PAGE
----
News & Politics

What It’s Like to Be Rated on Your Looks

18 seniors at Bethesda-Chevy Chase were ranked on their appearance by one of their male classmates.

From left: Yasmin Behbehani, Lee Schwartz, Annabelle Kim, Jane Corcoran, Virginia Brown, Sage Spalter. Photographs by Lexey Swall.

It started as a rumor, spread through whispers and screen shots. But soon everyone at Bethesda–Chevy Chase High School knew it was true: A male student had created and circulated a document he called The List, a ranking of the physical appearances of 18 female seniors in the school’s International Baccalaureate Diploma Programme, from 5.5 to 9.4. By lunchtime on a Tuesday last March, a group of young women had walked into the administration’s office and kick-started a months-long process of reckoning and healing. They wrote op-eds in the school newspaper. They made a pop-up museum about toxic masculinity. They confronted their male classmates in a painful hours-long town hall. Who are the young women who clapped back? We talked to six and then made a few lists of our own.

Yasmin Behbehani

-Cofounded the youth arm of a local organization that assists refugees, helping it raise more than $150,000 for education.
-Formed and ran her school’s body-image-and-eating disorder-awareness club.
-Helped with disaster relief in Puerto Rico after Hurricane Maria.
New school: University of Maryland.

“These were people that I had gone to classes with, I had talked to in the hallways, I was even friends with some of them. It felt like our friendship wasn’t built on anything substantial. In all the interactions that we had, they just saw me as a number.”

Lee Schwartz

-4.72 GPA (weighted).
-One of six top editors at B-CC’s newspaper.
-Teen adviser and local leader in a UN women’s-education effort called Girl Up, for which she’s interviewed the likes of Ivanka Trump and former president of Malawi Joyce Banda.
New school: University of Pennsylvania.

“I think a lot of the girls like me were bloodthirsty at first, like ‘These boys need to be punished.’ But that quickly disappeared. It became more about making it a learning experience—I know these boys are gonna be leaders some day, they’re gonna be bosses and CEOs and politicians [who might] make decisions about women and their bodies. I want them to go into the world with the right mindset about women.”

Annabelle Kim

-Founded and led the school’s philanthropic club to help homeless shelters.
-Summer lab researcher in cell biology at NIH’s National Institute of Diabetes and Digestive and Kidney Diseases.
-Started a book club for fifth-grade girls at a DC public school.
New school: Georgetown.

“I didn’t want to be upset about it. I wanted to be like, okay, whatever—this doesn’t define who I am. But I felt really embarrassed to be on the list. The part that made it so bad: Mine had .4 at the end. That was so specific. Like, what about me made it not .5?”

Jane Corcoran

-Ran B-CC’s Special Olympics Club and played basketball with young people with special needs on Saturdays for four years.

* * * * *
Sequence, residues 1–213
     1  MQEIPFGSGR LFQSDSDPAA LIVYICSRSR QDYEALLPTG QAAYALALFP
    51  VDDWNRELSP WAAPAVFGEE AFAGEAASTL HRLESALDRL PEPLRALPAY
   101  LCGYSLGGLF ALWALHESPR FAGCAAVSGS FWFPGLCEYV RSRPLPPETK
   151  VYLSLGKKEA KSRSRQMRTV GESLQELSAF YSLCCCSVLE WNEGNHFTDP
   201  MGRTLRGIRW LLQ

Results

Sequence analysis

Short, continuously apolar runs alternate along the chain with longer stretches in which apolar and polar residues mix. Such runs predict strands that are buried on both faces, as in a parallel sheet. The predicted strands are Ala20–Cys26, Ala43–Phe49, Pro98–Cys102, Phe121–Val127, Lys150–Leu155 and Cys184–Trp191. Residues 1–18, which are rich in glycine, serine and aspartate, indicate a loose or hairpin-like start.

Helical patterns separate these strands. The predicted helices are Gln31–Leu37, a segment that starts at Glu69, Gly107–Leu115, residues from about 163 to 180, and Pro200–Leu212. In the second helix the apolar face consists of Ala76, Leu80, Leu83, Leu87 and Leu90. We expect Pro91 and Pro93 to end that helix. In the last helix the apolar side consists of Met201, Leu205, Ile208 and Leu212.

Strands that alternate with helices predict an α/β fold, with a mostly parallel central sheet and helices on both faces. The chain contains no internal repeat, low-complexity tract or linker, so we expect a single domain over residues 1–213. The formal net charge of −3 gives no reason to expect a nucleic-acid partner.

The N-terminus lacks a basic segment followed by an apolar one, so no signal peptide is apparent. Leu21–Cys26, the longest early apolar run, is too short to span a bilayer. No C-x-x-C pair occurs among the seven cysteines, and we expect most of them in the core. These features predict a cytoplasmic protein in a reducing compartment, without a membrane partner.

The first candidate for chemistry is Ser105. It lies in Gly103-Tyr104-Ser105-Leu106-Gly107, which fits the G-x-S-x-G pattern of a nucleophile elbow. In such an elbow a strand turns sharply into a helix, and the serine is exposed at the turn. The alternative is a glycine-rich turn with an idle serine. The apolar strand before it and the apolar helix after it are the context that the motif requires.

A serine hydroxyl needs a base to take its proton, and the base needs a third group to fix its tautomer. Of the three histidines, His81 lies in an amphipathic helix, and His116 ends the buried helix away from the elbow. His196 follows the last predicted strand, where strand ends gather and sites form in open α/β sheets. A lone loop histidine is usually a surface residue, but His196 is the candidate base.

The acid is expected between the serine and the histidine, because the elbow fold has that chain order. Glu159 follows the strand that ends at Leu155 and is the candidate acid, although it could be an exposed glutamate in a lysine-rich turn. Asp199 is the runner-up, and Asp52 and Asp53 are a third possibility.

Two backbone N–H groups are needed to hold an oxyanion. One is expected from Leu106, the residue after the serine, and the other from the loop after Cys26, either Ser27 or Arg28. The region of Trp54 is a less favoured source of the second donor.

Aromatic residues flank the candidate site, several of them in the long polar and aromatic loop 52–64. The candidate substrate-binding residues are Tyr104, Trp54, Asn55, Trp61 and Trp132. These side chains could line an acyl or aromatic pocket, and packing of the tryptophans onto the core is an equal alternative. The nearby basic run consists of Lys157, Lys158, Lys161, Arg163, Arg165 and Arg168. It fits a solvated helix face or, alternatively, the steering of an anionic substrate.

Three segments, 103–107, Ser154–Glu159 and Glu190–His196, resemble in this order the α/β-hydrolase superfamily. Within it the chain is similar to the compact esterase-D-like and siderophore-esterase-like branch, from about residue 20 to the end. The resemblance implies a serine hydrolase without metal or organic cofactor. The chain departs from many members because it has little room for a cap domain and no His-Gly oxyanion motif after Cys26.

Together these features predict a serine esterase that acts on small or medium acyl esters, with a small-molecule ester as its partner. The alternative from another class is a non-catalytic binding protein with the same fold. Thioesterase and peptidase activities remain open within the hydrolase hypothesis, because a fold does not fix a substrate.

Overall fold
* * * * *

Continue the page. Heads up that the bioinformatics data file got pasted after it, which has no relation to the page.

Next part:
-Led the National Science Honors Society, was an IB biology teacher’s assistant, and tutored her peers in chemistry.
-Camp counselor.
New school: Colgate

“As if I don’t compare myself everyday—I have an identical twin! I had to cut off one of my close friends [whom] I’ve known since kindergarten because I was so frustrated—I was in tears, fully, and he still didn’t get it.”

Virginia Brown

-Two-time captain of B-CC’s varsity cross-country team; holds the record for the school’s fastest freshman 5K.
-Vice president of the Student Government Association.
-Canvassed and phone-banked for Maryland state delegate Emily Shetty’s last campaign.
New school: Emory

“I questioned if I had been doing something promiscuous—if the way I was dressing, the way I was acting around the boys in this program caused them to rank me the way they did. I didn’t really blame them as much as I blamed myself. It took me a while to come to terms with the fact that I was just going to school, living my life, and it was a violation of my privacy and my right to be here.”

Sage Spalter

-Statewide political director on the four-person board of Maryland High School Democrats.
-Volunteered on the floor at the 2016 Democratic convention.
-Founded Get Ready to Vote, a project that helped 16- and 17-year-olds in Maryland preregister.
New school: Tufts.

“This isn’t the first time I’ve been rated and it probably won’t be the last.”

This story is part of Washingtonian‘s feature “What It’s Like to Be a Woman in Washington.” For more:

What It’s Like to Be a Woman in Washington: 62 Women Explain

What It’s Like to Be a Woman in Washington: 62 Women Explain

Look around our town today and your eyes will land on example after example of some ladyboss getting it done. Forget Congress (where, ahem, a record number of female lawmakers were seated this year). Forget the pack of women gunning for the White House (who number five—five!). Women run our think tanks and our museums, […]

This article appears in the October 2019 issue of Washingtonian.

Web Producer/Writer

Rosa joined Washingtonian in 2016 after graduating from Mount Holyoke College. She covers arts and culture for the magazine. She’s written about anti-racism efforts at Woolly Mammoth Theatre, dinosaurs in the revamped fossil hall at the Smithsonian’s Natural History Museum, and the horrors of taking a digital detox. When she can, she performs with her family’s Puerto Rican folkloric music ensemble based in Jersey City. She lives in Adams Morgan.

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